2014 0609 losthuntington29 01

Courtesy of James E. Casto The old Ohio River Lock and Dam No. 28, as seen from the Huntington bank of the river.

Editor’s note: This is the 29th in a series of articles recalling vanished Huntington landmarks.

HUNTINGTON — When the first settlers arrived in the Ohio River Valley they found a river that, as one settler famously described it, seemed in some places “a mile wide and a foot deep.”  Travel on the river was possible only when heavy rains or snow melt provided a surge of water. When steamboats debuted on the river, they often had to tie up for days or even weeks awaiting a surge of high water.

Following the Civil War, river traffic - especially coal shipments - dramatically multiplied. After studying how to produce a reliable navigation depth on the Ohio, the U.S. Army Corps of Engineers determined that building a system of locks and dams to form pools of water was the best solution.

The 1895 construction of the Davis Island Lock and Dam on the Ohio at Avalon, Pennsylvania, proved the idea was workable, and so in 1910 Congress authorized construction of 50 small locks and dams along the length of the river. Thanks to political bickering and funding delays, it was 1929 before all 50 were completed.

One of the 50 was Lock and Dam No. 28, located on the Ohio between West 26th Street in Huntington and the community of Sybene in Ohio, as shown in this vintage postcard.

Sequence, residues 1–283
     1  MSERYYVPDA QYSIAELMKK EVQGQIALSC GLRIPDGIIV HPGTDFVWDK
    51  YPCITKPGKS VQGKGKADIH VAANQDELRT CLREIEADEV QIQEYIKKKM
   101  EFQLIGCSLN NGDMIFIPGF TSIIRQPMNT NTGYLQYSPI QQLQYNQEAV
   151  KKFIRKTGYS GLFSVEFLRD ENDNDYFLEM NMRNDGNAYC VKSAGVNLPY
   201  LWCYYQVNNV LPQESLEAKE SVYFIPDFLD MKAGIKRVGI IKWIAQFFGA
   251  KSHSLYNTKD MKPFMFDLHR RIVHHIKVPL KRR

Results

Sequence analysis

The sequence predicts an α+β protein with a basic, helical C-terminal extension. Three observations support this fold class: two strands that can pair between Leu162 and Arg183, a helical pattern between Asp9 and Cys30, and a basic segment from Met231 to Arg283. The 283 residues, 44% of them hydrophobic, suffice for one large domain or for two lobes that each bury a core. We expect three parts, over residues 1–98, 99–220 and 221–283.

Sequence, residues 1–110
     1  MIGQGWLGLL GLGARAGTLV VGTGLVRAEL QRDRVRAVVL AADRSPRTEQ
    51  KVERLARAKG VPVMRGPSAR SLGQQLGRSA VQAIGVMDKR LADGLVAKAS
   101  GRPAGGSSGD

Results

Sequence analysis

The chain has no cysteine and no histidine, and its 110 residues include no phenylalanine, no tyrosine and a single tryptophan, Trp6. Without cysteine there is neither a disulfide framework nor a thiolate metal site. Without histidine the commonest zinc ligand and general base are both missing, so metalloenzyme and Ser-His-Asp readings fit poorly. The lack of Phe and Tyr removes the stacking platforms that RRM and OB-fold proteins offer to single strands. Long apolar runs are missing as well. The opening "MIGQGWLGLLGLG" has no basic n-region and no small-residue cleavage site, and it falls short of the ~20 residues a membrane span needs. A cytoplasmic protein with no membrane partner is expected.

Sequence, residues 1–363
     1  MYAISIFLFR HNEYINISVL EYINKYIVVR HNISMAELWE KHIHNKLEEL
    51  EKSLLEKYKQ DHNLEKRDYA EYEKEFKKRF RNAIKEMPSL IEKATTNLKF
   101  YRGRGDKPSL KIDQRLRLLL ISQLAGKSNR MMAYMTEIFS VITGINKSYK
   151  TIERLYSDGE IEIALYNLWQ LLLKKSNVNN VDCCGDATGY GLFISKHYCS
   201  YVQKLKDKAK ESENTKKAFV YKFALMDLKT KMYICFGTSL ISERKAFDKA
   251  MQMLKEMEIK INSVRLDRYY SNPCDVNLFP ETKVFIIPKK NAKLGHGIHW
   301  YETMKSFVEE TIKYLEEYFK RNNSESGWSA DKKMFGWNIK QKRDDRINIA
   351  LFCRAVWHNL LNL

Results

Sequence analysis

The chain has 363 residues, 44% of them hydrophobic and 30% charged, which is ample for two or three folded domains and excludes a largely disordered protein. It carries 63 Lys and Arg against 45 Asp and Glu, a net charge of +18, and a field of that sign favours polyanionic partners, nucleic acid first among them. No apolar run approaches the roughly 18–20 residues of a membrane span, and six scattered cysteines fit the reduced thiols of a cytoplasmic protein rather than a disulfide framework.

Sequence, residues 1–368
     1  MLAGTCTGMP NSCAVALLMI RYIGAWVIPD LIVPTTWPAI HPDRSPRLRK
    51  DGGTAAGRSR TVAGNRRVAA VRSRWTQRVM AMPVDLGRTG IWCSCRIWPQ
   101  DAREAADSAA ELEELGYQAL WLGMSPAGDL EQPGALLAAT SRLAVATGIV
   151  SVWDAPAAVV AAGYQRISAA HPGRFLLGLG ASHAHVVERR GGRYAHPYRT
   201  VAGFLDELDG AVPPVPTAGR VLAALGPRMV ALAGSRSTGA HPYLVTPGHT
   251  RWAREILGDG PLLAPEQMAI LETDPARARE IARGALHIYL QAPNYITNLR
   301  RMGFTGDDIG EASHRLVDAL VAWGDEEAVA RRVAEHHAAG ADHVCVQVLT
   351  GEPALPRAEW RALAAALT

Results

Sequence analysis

Beginning in the 1940s, as steamboats were replaced by powerful diesel-powered towboats, it became clear the network of small dams ultimately would need to be replaced by larger dams that would create longer and deeper navigable pools. And that’s exactly what happened. As new larger dams were built, the old dams were no longer needed and so were demolished.

When the massive Greenup Locks and Dam was completed at Greenup, Kentucky, in 1962, it eliminated any need for the four small dams located just upstream from it. And so Dams No. 27, 28, 29 and 30 were demolished.

With the demolition of Dam 28, the facility’s former powerhouse (the large red brick structure on the Ohio side of the river) was turned into a senior center.    

For more Lost Huntington stories, visit www.Herald-Dispatch.com. Click on “News,” then “Lost Huntington series.”


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